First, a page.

Heuristic Problem-Solving

Real-world problems are often difficult to model in a small set of variables, which are needed to define a classical optimization problem. Inspired by human problem-solving abilities, wie explore heuristic strategies to problem-solving. [more information]



Representation of Everyday Objects

In AI objects are usually represented in the form of ontologies. Observations from psychology show that humans represent objects in a completely different way. Especially, the boundary between object classes is neither fixed nor can it easily be defined. In this project, which is funded by the ministry of science of Baden-Württemberg, we explore the use of prototype theory from psychology to represent everyday objects. Our test scenario is a kitchen, where a robot has to store objects according to their functional and geometric properties, so  that humans can easily find them. [more information]



Personal Mobility and Habits


In times of fast growing cities and urbanisation people's needs changes continuously in terms of personal mobility. In large cities the user can choose among a lot of mobility options, e.g. subway, car, cab, Uber and bike, to get from location A to destination B. It is not trivial to find the best mobility options for a user regarding all available mobility options in respect to his daily agenda. With more options usually more possible intermodal combinations are possible to reach a destination. Mostly, the consideration of all available information is extremely time-consuming, for instance traffic, transportation schedules, disturbances or local (football) events, to find the best commuting option for each specific day. According to former research a person is strongly driven by mobility habits. To ease the daily commute planning, an intelligent mobility assistant could learn a user's individual mobility habits and inform the user about the best mobility option based on the user's habits / daily agenda. [more information]


Opportunistic Action Selection

Robots are often considered as inflexible and "only do what they have been programmed to do" (although current systems often do not show the behaviour that was intended by their creators). Their behaviour is often incomprehensible to humans, who are well-trained to adapt their actions to their changing environment. The MORPH (Model-based Opportunistic Robot Planning for Human-robot Collaboration) project explores how a robot can recognize and use opportunities in a highly dynamic household environment to show more flexible and understandable behavior. [more information]


Human-aware Navigation

Robot path planning has traditionally concentrated on collision-free paths. For robots that collaborate closely with humans, however, the situation is different in two respects: 1) the humans in the robot's environment are not randomly moving objects, but cognitive beings who can deliberately make way for a robot to pass and 2) the quality of a navigation plan depends less on quantitative efficiency criteria, but rather on the acceptance of humans. We work on a robot navigation approach that takes into account human-centered requirements and the collaborative nature of the interaction between the human and the robot. [more information]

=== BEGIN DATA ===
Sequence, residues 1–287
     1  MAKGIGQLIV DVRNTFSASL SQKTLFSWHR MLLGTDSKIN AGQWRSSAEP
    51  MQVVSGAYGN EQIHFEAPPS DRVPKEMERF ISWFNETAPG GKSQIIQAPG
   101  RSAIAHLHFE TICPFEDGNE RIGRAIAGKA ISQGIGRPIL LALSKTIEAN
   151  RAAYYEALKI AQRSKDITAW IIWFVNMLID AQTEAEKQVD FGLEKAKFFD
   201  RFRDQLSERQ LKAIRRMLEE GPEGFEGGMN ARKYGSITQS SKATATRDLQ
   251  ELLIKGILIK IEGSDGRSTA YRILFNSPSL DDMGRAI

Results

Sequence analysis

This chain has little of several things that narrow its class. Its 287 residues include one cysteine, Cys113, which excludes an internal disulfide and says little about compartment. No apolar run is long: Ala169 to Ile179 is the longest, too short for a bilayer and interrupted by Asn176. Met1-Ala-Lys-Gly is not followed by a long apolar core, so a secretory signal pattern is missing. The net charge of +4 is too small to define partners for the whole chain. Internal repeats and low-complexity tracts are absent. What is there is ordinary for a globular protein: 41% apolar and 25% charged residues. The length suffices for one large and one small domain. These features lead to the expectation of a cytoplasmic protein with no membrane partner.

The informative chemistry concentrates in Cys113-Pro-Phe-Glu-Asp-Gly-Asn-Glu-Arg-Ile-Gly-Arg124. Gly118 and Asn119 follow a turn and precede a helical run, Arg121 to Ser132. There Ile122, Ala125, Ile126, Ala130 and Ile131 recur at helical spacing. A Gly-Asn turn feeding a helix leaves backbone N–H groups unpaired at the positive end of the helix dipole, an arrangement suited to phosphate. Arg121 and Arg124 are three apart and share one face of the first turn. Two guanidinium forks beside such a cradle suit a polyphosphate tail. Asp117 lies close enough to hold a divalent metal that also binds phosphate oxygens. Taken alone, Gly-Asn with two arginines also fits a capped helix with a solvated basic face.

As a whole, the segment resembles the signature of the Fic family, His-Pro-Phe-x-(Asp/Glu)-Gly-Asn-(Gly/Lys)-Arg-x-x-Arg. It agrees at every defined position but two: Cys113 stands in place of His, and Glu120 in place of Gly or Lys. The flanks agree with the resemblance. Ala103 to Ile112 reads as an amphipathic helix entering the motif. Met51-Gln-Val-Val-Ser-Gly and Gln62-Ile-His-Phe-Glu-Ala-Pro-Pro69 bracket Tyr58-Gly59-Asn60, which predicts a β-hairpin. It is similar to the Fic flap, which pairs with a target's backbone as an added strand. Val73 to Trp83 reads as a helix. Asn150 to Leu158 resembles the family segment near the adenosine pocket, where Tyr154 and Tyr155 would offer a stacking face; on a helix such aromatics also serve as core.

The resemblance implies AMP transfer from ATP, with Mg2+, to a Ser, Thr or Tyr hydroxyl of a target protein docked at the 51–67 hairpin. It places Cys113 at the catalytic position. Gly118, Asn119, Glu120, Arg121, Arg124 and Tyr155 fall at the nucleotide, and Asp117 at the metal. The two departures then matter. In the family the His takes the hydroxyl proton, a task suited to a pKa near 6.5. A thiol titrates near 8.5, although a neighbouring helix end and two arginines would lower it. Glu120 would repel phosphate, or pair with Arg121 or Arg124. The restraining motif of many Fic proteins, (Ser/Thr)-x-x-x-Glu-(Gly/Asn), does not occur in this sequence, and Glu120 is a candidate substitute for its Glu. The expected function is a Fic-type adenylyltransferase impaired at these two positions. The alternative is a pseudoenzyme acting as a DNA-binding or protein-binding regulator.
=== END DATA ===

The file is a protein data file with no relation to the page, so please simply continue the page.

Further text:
Simulation for Human-Robot Interaction

Realistic simulators are a widespread tool for developing intelligent robots. For human-robot interaction, a human has to be inserted realistically into the simulation. We contribute to open source simulation development to and evaluate the use of avatars in such simulations for human-robot interaction research. [more information]



Robot Learning

The interaction with humans requires knowledge about the abilities of the human and the robot as well as models about preferences of individual humans. We use machine learning techniques to learn prediction models and use these models in efficient search algorithms to determine parameters for the program execution. [more information]



Expectation-based failure recognition

For intelligent interaction and for the recognition of failures, a robot needs knowledge about the execution of actions (both human and robot actions). Similar to operators in planning problems, the robot needs to know the expected outcome of actions. In addition, a robot needs knowledge about events that should not happen during the action or how an action typically proceeds. We develop complex action models based on hybrid system modeling, combined with learned predictions. [more information]


Measuring Legibility in Human-Robot Interaction

A fundamental question for human-robot interaction is how to measure the acceptance of a robot in everyday working and living environments. We have particularly looked at the notion of legibility, which is the degree to which a person expects and can predict the robot's action. As a specific task, we have examined robot navigation, but the basic approach can also be applied to other tasks. [more information]